TOSCA Instrument Review

Tuesday 16 December 2014

TOSCA: Present and Future

TOSCA has changed the area of neutron molecular spectroscopy, bringing in a vibrant chemistry-based user community to neutrons, as documented here. Following the 2013 instrument review carried by an international panel of experts, the panel stated that “The document we received as well as the presentation and the tour at the instrument site gave us an impressive overview on the capacities of this instrument that has kept a leading role in the field of inverted geometry spectrometers dedicated to chemical spectroscopy” as found in the final recommendations report.

The scientific output of TOSCA, accounting for 153 publications (in the 2008-2013 period), was rated as outstanding by the panel of experts based “both in terms of publications and also with respect to educational effort (20 theses since 2008), …, not to forget the impressive return of 0.8 papers/accepted experiment”.

Based on these attainments the IPE recommended that “TOSCA: The provision of a high m guide to enhance the flux available to the instrument”. Such a guide upgrade is required to enhance the flux available to the instrument and “has to be taken up with the highest priority”.

The proposed TOSCA upgrade is needed for it to become competitive with current generation instruments such as Vision at SNS and Lagrange at ILL. It will enable TOSCA to deal with more demanding experiments making possible the study of weakly scattering samples and non-hydrogenous materials which will take science at ISIS a step further.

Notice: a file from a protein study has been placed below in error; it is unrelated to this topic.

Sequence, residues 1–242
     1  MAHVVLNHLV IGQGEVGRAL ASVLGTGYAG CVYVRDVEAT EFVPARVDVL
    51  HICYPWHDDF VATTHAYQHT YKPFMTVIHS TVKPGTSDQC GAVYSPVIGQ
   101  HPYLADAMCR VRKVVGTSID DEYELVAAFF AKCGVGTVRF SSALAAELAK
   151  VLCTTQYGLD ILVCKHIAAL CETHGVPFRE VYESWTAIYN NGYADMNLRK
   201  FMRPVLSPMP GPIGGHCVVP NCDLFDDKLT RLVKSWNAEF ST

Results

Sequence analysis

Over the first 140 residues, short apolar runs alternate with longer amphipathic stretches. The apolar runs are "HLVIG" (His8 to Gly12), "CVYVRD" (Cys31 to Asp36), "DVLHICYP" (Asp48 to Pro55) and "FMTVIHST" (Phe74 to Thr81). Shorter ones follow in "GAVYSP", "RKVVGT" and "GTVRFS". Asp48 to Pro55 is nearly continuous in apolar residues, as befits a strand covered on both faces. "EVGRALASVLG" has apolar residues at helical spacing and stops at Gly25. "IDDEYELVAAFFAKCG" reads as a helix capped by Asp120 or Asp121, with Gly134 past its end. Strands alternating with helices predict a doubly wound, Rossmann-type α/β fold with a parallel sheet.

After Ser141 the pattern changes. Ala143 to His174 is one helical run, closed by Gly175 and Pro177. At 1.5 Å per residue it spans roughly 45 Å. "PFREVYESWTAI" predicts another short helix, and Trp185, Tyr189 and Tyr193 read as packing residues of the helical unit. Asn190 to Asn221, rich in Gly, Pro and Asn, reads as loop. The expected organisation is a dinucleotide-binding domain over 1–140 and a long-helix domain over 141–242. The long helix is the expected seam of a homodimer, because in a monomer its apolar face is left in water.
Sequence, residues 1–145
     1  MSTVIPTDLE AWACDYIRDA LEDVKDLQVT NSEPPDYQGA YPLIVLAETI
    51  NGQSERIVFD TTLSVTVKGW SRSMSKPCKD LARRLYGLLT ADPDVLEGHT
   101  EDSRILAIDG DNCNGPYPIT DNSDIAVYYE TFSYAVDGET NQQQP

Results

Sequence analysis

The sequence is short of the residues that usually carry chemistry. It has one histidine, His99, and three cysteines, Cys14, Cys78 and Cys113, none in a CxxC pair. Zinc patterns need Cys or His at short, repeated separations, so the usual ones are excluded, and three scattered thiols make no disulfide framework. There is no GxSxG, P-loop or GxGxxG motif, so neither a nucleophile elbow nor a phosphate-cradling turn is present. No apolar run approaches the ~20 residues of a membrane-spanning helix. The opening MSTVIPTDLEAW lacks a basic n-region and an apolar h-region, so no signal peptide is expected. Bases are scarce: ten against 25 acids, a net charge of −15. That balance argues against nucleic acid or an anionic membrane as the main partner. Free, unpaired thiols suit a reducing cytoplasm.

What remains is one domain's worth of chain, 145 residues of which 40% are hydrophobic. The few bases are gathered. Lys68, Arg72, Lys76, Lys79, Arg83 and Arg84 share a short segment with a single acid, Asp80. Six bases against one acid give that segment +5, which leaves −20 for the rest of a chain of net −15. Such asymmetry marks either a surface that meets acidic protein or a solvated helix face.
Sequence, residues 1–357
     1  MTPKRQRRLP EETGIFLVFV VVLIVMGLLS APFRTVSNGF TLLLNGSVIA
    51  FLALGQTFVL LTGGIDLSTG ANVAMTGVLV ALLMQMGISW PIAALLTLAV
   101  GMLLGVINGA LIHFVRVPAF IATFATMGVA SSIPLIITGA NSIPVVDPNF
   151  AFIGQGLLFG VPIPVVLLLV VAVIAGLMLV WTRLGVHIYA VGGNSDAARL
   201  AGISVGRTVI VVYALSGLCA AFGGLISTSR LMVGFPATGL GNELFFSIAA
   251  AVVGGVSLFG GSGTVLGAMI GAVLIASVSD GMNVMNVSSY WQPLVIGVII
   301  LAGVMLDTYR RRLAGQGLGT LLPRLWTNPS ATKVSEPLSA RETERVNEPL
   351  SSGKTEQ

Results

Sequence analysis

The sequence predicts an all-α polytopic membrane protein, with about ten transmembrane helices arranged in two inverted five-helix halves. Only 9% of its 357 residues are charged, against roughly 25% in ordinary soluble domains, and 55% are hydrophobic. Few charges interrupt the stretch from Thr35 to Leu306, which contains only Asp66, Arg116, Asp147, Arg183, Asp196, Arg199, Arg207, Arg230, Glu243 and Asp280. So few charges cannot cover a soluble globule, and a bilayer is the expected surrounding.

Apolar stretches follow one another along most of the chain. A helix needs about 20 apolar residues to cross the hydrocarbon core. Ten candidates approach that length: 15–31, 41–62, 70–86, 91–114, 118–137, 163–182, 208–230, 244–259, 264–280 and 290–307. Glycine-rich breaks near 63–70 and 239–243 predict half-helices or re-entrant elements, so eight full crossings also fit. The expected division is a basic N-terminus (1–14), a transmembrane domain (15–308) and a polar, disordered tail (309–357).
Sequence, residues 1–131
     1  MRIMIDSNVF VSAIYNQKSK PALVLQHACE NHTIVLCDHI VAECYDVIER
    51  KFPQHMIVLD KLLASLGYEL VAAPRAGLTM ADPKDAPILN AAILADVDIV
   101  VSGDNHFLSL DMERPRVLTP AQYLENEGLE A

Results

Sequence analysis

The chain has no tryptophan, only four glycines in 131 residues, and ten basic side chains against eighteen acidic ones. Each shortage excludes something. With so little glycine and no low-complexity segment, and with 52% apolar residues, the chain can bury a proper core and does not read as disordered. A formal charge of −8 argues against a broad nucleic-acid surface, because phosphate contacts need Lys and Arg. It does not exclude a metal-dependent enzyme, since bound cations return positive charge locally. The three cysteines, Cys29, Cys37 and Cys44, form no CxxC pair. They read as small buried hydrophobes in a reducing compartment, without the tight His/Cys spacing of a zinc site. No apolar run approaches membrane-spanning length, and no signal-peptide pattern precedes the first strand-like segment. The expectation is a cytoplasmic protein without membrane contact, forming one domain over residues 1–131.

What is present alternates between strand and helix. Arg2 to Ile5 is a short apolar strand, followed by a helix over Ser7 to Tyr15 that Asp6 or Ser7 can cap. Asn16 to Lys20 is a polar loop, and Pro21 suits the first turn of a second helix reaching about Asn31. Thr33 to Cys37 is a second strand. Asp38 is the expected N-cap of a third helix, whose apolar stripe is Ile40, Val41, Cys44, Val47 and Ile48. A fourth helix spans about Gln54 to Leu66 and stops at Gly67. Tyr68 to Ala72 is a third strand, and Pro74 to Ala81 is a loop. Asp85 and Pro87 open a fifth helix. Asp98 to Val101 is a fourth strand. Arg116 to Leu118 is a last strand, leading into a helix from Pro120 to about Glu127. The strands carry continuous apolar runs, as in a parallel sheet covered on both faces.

Following these recommendations, intensive work is being carried out to implement the guide upgrade. Simulations to assess current performance and steer future upgrades concerning the best guide configuration and the most effective gain ratio have been conducted, which resulted in an MSc thesis and a paper. According to Figure 1, results show that installing a guide will result in a flux increase up to two-orders of magnitude (left image), without sacrificing the instrument resolution (right image).

Figure 1. Left image: Gain vs. wavenumber at the sample position as a function of guide m-number; Right image: Simulated spectra of ice at a temperature of 10 K using the inelastic backscattering bank at 135°. The legend indicates different guide configurations as described in the text

At present, the flux gain and the best guide configuration have been optimized in close collaboration with ISIS Engineering. As an outcome, a tender for the first guide section has been issued and quotes received. The upgraded TOSCA beamline is expected to be fully operational under the new configuration in 2016.

Bookmark and Share
Skip to the top of the page